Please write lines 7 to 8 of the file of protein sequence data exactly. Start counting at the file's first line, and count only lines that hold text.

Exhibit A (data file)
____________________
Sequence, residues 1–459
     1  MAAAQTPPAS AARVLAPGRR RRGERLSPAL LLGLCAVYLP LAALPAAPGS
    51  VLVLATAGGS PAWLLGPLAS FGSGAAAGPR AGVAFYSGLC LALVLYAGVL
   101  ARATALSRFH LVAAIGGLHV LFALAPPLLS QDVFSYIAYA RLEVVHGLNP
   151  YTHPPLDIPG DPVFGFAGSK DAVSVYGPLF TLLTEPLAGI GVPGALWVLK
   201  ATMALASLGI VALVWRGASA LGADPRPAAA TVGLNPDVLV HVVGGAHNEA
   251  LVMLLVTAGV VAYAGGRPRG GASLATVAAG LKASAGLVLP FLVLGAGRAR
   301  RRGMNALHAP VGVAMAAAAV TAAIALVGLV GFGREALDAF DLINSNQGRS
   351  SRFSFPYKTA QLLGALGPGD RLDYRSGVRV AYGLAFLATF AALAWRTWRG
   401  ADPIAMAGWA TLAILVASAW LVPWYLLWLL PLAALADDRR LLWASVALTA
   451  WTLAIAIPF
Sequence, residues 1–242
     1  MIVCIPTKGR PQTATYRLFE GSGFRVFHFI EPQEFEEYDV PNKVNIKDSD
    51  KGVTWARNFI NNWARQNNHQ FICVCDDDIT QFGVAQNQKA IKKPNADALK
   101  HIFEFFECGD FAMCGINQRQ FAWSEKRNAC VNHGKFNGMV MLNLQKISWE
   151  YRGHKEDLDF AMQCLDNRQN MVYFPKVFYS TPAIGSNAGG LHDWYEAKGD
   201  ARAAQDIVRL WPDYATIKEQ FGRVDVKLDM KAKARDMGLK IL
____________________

   251  LVMLLVTAGV VAYAGGRPRG GASLATVAAG LKASAGLVLP FLVLGAGRAR
   301  RRGMNALHAP VGVAMAAAAV TAAIALVGLV GFGREALDAF DLINSNQGRS